The idea of changing the name of beautiful Lake Calhoun to Hubert Humphrey Lake has caused quite a stir in Minneapolis. Lake Calhoun is the largest and most beautiful lake in Minneapolis, a city known nationally for its beautiful lakes.
The dispute arose when it was revealed that the lake was named in honor of John C. Calhoun, whose greatest legacy in history was his strong defense of and intense legal fights attempting to justify and preserve slavery in the United States.
For the past month or so, the local media has kicked the dispute around. Examples have ranged from such statements as, “It’s an outright silly idea to rename a popular lake, just because of something a person did 150 years ago” to “A lake that is being showcased as representing the city should at least have the name of someone who represent the principles of which most Minneapolitans stand for, rather than a racist from South Carolina who spent most of his life fighting for and justifying slavery.”
Those are two extreme opposite discussions that have gone back and forth in the press on the subject recently. Most of the discussion both pro and con seems to be coming from ordinary people. The Minneapolis Park Board and City Council seems less than impressed with the whole idea. They seem to be hoping that the whole thing would simply go away and be forgotten.
Another reason that some City figures in high places may be reluctant to touch the suggestion is that the business community frowns on the idea. Over the years several business in and around the area have picked up the name of “Calhoun.” They fear that changing the name would adversely affect their businesses.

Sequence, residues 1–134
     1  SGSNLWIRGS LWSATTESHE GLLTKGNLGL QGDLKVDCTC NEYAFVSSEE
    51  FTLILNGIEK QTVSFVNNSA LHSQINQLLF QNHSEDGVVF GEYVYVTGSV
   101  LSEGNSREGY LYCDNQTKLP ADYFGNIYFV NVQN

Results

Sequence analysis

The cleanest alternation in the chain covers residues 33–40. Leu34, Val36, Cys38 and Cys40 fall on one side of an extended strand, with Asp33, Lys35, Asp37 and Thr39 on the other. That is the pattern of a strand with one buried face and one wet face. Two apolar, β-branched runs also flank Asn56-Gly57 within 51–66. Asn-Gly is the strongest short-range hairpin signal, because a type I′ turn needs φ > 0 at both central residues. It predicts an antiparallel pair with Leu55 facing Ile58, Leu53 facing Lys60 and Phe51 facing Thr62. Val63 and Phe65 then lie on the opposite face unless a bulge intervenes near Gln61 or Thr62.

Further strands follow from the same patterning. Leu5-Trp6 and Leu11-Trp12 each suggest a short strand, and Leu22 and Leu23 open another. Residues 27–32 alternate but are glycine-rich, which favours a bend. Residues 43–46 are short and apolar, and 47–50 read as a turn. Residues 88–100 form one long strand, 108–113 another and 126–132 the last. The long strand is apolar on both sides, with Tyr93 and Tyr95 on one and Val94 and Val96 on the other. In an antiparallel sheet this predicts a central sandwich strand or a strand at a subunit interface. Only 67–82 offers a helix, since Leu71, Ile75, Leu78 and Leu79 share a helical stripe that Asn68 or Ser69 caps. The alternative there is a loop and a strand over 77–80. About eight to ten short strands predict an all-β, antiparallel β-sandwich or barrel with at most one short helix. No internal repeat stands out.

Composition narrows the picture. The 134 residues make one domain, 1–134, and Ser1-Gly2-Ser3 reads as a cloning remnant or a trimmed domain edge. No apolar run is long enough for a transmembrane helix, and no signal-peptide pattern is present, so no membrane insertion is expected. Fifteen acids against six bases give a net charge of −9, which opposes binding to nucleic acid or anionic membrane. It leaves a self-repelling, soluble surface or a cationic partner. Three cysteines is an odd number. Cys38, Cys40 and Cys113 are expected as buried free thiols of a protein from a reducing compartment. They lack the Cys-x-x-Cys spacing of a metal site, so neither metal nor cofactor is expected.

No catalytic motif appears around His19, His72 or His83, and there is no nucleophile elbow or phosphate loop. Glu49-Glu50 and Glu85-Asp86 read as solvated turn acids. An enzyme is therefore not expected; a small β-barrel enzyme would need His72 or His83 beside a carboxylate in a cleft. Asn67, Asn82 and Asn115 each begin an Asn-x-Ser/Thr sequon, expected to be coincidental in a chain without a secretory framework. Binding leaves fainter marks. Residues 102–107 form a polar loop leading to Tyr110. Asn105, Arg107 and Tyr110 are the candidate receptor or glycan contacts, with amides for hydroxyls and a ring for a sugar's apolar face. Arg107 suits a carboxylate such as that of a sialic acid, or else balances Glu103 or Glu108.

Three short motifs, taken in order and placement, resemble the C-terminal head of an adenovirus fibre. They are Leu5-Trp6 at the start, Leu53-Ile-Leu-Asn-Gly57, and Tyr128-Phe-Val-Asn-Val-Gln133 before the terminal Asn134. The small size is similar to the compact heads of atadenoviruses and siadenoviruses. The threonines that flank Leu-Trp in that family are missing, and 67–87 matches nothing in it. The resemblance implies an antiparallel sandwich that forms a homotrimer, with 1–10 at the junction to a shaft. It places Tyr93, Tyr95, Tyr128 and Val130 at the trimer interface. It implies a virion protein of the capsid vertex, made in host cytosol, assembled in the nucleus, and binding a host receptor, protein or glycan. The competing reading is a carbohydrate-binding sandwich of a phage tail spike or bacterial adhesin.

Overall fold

What are the facts regarding John C. Calhoun? The facts are that Calhoun was a respectable South Carolina statesman of his time. He rose from state senator to U.S. senator, to U.S. Army chief of staff, to vice president of the U.S. to being considered for president. He was considered a brilliant statesman of his time.
His only hang-up was that he sincerely believed that Africans were inferior human beings, and that slavery was their place in life. It is said that he was so imbued with the importance of slavery that he is cited as to have once implied that it would be better for Southern states to return to colonial status under Great Britain if necessary to preserve slavery.
Regarding the name change, there is one thing that lingers in my mind: How in the Sam Hill did they decide to give that beautiful Minnesota lake his name in the first place? Who accepts the responsibility for the brilliant idea of naming Minneapolis’ showcase lake after a South Carolina slave enthusiast? Was the state void of Minnesota heroes at the time?
Another thought occurring to me regarding the matter is why amid all of the media dispute, no local African American group has spoken out publicly regarding this renaming business.
Matthew Little welcomes reader responses to firstname.lastname@example.org.